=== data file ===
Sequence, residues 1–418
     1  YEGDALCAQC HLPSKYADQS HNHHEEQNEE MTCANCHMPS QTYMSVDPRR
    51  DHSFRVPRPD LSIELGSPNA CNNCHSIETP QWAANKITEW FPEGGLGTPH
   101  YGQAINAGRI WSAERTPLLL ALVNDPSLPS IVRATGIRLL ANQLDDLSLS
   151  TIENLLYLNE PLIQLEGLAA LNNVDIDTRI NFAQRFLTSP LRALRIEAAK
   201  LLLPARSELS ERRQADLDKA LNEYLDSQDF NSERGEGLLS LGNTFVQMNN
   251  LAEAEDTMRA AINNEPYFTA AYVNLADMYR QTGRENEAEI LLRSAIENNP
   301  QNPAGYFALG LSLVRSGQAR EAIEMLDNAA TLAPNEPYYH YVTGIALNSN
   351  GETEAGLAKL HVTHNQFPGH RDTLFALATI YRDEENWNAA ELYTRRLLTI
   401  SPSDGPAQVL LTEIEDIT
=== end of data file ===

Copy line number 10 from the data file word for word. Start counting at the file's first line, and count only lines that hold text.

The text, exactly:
   401  SPSDGPAQVL LTEIEDIT